A large and ambitious new exhibition highlights the prodigious output of modernist master László Moholy-Nagy, and stirs a new appreciation for both the rigor and the playfulness in his work. “Moholy-Nagy: Future Present” was organized by the Guggenheim Museum, the Art Institute of Chicago and the Los Angeles County Museum of Art. The latter two museums will host the touring show through June 2017—it runs at the Guggenheim through September 7. The exhibition features more than 300 photomontages, photos, photograms, drawings, paintings, sculptures, films and collages drawn from private and museum collections. Moholy-Nagy is usually acknowledged in photographic histories for his experiments with photograms, which he conducted contemporaneously but independently of Man Ray. But “Future Present” shows that he had a lifelong interest in camera-based imagery as well, and captured a variety of images characterized by unusual viewpoints and startling shapes and forms. The Hungarian-born Moholy-Nagy joined the faculty of the Bauhaus School in 1925, and like many of his colleagues, did not limit his artistic experimentations to any particular medium. After leaving the Bauhaus in 1929, he traveled to France to make films, and then moved to Amsterdam and London where he worked in graphic design before he eventually moved to Chicago where he founded the School of Design (later named the Institute of Design).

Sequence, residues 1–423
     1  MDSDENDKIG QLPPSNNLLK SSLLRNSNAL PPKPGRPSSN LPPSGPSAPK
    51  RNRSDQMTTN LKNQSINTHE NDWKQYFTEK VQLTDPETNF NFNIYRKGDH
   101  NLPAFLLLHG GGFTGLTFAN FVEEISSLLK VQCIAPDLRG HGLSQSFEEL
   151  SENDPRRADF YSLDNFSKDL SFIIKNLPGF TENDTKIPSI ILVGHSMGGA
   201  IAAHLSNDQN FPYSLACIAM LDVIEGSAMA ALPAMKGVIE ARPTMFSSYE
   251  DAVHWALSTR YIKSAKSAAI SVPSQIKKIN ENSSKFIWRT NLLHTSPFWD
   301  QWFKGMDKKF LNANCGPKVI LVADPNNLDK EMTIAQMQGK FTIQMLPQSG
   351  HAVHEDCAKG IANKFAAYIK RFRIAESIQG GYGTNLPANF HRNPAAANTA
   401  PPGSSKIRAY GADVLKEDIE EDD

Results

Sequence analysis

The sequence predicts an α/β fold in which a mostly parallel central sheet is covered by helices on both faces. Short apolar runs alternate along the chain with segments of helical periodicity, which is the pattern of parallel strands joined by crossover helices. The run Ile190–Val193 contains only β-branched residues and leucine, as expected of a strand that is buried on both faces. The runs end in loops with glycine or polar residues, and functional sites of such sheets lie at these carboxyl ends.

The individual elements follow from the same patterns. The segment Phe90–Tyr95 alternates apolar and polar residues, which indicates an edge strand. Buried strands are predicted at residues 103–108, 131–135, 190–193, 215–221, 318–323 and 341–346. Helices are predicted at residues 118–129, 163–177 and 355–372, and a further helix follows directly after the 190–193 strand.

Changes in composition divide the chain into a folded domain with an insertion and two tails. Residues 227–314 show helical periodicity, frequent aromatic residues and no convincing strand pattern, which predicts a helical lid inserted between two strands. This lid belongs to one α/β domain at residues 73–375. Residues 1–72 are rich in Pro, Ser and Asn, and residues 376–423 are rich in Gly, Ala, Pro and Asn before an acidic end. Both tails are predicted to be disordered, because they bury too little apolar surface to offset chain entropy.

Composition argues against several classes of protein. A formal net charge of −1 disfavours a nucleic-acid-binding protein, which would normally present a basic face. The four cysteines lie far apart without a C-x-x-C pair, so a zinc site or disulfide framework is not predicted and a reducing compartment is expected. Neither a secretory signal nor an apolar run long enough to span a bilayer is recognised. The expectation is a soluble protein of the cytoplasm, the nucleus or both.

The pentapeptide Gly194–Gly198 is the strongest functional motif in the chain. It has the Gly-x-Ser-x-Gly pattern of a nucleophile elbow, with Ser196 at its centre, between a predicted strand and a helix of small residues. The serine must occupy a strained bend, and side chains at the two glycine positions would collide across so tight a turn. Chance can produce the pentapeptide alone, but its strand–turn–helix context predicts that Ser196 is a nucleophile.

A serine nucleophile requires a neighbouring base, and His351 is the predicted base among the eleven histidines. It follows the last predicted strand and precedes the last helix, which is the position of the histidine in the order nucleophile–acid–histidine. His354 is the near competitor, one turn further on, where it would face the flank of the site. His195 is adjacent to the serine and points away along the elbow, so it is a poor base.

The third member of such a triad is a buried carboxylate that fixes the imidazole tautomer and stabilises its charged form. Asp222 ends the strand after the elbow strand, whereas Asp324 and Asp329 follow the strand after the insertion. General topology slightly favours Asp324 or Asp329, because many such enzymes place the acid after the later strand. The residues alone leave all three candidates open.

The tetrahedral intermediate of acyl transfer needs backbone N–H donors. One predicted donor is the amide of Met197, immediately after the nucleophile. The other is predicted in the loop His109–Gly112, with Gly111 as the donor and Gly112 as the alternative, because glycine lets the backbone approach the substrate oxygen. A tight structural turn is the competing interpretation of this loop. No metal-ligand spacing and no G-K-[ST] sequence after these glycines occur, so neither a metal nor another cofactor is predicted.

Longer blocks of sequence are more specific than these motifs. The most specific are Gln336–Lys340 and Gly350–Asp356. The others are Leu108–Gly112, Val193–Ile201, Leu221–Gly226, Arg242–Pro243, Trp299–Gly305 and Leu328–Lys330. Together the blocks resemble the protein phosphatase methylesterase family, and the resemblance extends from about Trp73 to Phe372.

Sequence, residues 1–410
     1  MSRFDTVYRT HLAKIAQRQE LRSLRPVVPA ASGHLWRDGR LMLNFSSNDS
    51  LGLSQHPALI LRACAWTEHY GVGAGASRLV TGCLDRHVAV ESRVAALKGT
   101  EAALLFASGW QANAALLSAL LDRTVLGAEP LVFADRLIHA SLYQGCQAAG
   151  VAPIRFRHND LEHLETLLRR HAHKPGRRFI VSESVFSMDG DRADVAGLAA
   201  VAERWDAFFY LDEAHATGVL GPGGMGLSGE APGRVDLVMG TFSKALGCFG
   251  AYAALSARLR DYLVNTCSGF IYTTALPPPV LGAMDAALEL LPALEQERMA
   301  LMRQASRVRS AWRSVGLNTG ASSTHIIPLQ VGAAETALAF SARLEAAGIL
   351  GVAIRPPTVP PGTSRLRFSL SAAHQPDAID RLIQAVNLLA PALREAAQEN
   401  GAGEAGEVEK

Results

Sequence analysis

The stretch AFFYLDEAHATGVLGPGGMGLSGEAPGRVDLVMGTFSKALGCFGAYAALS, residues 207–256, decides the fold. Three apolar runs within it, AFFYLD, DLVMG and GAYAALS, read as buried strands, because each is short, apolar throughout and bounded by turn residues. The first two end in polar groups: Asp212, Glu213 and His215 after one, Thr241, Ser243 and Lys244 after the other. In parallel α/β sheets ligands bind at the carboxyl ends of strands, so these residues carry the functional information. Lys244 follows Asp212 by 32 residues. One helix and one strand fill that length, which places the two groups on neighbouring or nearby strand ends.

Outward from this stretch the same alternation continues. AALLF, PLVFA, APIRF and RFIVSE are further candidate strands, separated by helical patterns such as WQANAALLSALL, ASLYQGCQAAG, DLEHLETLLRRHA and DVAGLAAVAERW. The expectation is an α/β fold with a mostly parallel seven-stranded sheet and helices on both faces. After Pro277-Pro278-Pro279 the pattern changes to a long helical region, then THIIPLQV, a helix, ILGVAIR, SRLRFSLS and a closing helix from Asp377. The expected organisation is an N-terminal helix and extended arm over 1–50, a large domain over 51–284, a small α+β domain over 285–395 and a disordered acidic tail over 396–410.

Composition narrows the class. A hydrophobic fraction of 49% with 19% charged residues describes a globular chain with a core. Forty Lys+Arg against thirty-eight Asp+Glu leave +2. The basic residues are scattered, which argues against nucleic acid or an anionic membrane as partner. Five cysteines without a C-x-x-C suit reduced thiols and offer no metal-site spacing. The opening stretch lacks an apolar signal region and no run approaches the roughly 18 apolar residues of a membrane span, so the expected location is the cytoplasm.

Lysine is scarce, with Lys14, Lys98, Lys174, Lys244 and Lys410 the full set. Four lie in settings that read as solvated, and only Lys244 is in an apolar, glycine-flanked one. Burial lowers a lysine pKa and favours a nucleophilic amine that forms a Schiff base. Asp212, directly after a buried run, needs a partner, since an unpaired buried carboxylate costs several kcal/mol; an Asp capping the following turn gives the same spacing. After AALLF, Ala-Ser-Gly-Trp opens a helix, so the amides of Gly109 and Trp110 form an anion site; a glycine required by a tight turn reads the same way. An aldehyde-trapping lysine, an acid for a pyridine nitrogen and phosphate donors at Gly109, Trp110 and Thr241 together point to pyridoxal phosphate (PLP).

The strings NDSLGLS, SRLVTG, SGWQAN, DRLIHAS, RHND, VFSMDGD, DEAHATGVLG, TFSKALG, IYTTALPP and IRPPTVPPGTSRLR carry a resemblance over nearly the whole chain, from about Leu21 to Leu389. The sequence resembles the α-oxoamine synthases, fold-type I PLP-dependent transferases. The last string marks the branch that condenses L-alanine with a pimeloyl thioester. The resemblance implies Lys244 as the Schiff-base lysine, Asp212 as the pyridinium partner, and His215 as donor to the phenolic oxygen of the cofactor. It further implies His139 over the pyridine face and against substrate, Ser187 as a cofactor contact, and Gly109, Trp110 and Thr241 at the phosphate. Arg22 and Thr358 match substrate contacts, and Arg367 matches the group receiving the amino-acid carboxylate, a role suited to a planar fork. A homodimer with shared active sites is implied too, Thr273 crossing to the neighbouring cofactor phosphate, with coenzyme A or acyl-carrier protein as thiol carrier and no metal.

The Guggeheim’s Karole P.B. Vail, the lead curator of the show, positions Moholy-Nagy as “a Utopian artist” who believed in the power of art and technology to serve the betterment of humanity. Many artists of the inter-war period who idealized technology evolved towards either leftist agitprop or Fascistic art. Moholy-Nagy eluded narrow ideology. If he dreamed of a better future, he also took delight in the present. In the photograms, collages, films and photos on view in “Future Present,” he elevated ordinary objects, making them worthy of celebration and prolonged contemplation. Moholy-Nagy approached every subject that attracted his attention—from the principles of light and transparency to a scene he glimpsed on the sidewalk—with a sense of wonder. —Holly Stuart Hughes
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